I think by now we all know to prefer composition over inheritance. But in a language with a lot of options, what’s the best kind of composition to use?

Composing an adventure

Consider an adventure game, with objects representing player characters.

class Character
  # ...
end

A Character can be described:

class Character
  # ...
  def describe
    puts "You are a dashing, rugged adventurer."
  end
  # ...
end

A Character can look, listen, and smell his environment:

class Character
  # ...
  def look
    list("You can see", ["a lightning bug", "a guttering candle"])
  end

  def listen
    list("You hear", ["a distant waterfall"])
  end

  def smell
    list("You smell", ["egg salad"])
  end

  def list(prefix, objects)
    objects.each do |o|
      puts "#{prefix} #{o}."
    end
  end
  # ...
end
require './decoration-vs-extension'
cohen = Character.new
cohen.describe
cohen.look
cohen.listen
You are a dashing, rugged adventurer.
You can see a lightning bug.
You can see a guttering candle.
You hear a distant waterfall.

The character can also consult all of his senses at once:

class Character
  # ...
  def observe
    look
    listen
    smell
  end
  # ...
end
require './decoration-vs-extension'
cohen = Character.new
cohen.observe
You can see a lightning bug.
You can see a guttering candle.
You hear a distant waterfall.
You smell egg salad.

Characters can have various effects conferred upon them by items, potions, etc. A simple example is a hat:

require 'delegate'
class BowlerHatDecorator < SimpleDelegator
  def describe
    super
    puts "A jaunty bowler cap sits atop your head."
  end
end

At each turn of the game, the Character object will be decorated with whatever effects are currently active, and then a user command will be performed:

require './decoration-vs-extension'
cohen = BowlerHatDecorator.new(Character.new)
cohen.describe
You are a dashing, rugged adventurer.
A jaunty bowler cap sits atop your head.

Seeing in the dark

A more interesting effect is conferred by an infravision potion. It enables your character to see in the dark.

class InfravisionPotionDecorator < SimpleDelegator
  def describe
    super
    puts "Your eyes glow dull red."
  end

  def look
    super
    look_infrared
  end

  def look_infrared
    list("You can see", ["the ravenous bugblatter beast of traal"])
  end
end

While the character is experiencing the effects of an infravision potion, his powers of observation increase:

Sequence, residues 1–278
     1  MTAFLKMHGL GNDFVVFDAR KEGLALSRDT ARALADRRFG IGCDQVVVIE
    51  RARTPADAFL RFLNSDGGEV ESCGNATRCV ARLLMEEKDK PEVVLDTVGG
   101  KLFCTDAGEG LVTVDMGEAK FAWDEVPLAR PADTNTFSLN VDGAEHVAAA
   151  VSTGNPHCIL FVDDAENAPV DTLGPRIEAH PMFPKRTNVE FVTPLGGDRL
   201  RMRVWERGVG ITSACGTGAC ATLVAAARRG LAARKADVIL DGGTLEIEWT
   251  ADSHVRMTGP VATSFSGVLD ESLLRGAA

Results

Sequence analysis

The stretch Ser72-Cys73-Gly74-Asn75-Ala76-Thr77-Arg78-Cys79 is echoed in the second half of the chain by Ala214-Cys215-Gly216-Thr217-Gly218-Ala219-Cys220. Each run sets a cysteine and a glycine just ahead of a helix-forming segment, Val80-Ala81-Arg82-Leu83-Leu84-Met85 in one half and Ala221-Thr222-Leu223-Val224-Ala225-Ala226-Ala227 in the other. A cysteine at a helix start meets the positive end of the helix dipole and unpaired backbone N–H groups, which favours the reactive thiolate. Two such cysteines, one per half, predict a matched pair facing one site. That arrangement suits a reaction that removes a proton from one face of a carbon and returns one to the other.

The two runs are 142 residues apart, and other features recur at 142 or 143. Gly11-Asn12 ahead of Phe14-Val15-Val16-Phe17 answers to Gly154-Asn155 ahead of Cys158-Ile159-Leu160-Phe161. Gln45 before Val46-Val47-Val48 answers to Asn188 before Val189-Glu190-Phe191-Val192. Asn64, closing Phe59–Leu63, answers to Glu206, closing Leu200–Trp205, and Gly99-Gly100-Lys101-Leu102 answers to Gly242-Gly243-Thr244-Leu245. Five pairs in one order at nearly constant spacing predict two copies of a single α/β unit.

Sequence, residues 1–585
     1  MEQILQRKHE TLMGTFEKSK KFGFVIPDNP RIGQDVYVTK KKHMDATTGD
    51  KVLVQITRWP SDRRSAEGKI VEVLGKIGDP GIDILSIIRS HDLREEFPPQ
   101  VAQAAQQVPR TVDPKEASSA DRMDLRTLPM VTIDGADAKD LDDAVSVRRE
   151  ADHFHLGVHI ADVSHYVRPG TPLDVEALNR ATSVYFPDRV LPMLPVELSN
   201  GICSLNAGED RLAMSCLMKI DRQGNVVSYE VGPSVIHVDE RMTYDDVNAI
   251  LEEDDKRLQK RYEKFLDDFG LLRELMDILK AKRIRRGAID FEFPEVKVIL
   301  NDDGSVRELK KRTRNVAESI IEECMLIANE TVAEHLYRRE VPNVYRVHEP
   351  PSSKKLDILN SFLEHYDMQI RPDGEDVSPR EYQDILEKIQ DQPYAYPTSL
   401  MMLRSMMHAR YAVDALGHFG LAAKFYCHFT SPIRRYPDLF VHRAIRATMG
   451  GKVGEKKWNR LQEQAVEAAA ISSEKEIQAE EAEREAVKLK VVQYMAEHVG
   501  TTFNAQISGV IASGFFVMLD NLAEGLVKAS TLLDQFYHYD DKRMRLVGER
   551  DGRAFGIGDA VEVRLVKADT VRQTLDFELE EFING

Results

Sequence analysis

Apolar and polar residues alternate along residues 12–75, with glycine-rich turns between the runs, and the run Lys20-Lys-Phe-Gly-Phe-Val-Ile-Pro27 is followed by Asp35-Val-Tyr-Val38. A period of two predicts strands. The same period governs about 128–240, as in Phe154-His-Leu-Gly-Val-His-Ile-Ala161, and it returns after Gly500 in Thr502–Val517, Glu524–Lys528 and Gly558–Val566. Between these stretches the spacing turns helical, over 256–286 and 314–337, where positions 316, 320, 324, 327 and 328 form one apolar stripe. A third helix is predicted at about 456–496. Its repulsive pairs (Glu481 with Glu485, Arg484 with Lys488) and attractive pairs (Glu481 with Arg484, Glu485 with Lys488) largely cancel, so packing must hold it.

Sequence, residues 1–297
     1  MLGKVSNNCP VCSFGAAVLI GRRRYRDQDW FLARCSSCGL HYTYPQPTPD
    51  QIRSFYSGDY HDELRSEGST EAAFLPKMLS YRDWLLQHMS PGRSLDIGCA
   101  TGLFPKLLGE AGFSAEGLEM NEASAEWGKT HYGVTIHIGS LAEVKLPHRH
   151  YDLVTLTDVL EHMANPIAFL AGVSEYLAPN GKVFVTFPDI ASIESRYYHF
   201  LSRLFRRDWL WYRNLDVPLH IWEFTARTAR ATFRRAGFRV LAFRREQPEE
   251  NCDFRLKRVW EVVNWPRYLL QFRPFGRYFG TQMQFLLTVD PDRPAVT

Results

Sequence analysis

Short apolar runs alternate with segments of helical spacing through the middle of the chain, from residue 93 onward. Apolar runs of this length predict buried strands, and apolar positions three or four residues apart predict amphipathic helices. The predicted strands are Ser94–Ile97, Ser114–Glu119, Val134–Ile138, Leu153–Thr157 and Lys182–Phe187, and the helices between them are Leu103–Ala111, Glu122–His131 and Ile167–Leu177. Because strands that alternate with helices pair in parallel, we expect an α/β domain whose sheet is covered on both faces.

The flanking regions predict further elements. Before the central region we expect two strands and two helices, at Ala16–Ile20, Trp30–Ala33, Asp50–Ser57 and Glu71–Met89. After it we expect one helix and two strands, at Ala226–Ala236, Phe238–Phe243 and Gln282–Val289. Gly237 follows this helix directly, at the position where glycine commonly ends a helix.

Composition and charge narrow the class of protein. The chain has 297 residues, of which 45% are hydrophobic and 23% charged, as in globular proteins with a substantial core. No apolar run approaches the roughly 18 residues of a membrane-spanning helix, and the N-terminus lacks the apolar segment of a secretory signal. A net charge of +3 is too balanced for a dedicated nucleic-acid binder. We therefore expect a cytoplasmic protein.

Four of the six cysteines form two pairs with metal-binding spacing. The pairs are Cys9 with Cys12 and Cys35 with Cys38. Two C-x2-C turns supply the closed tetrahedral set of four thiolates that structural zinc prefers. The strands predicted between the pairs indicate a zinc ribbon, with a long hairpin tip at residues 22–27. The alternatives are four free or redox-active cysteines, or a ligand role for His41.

require './decoration-vs-extension'
cohen = InfravisionPotionDecorator.new(Character.new)
cohen.describe
cohen.look
You are a dashing, rugged adventurer.
Your eyes glow dull red.
You can see a lightning bug.
You can see a guttering candle.
You can see the ravenous bugblatter beast of traal.

There’s just one little problem that crops up when the #observe method is called.

require './decoration-vs-extension'
cohen = InfravisionPotionDecorator.new(Character.new)
cohen.observe
You can see a lightning bug.
You can see a guttering candle.
You hear a distant waterfall.
You smell egg salad.

Hey, where’d that bugblatter beast go?

The Character#observe method calls #look—but since the wrapped object has no knowledge whatsoever of the InfravisionPotionDecorator, it calls the original definition of #look, not the one which also calls #look_infrared.

Now, granted, this flaw actually works out in our intrepid adventurer’s favor, since the ravenous bugblatter beast of Traal is so stupid it thinks that if you can’t see it, it can’t see you. But never mind that: it’s still a bug, and bugs must be blattered.

A solution that’s all wet

We could patch this flaw by overriding #observe as well in the decorator:

class InfravisionPotionDecorator < SimpleDelegator
  def observe
    look
    listen
    smell
  end
end

Yuck! This is the exact same implementation as in Character, just copied and pasted so that the correct implementaiton of #look will be called. Clearly this is non-DRY. But even worse, we’ve introduced a nasty variety of connascence. Every time we introduces a new Character method which calls #look, we’ll have to cull through every single effect decorator which overrides #look, adding copy-and-pasted versions of the new method so that it doesn’t accidentally ignore the effect-wrapped version. Double yuck!

Modules to the rescue

In Ruby, there is an easy solution: extend the character with a module instead of a decorator.

module InfravisionPotionModule
  def describe
    super
    puts "Your eyes glow dull red."
  end

  def look
    super
    look_infrared
  end

  def look_infrared
    list("You can see", ["the ravenous bugblatter beast of traal"])
  end
end
require './decoration-vs-extension'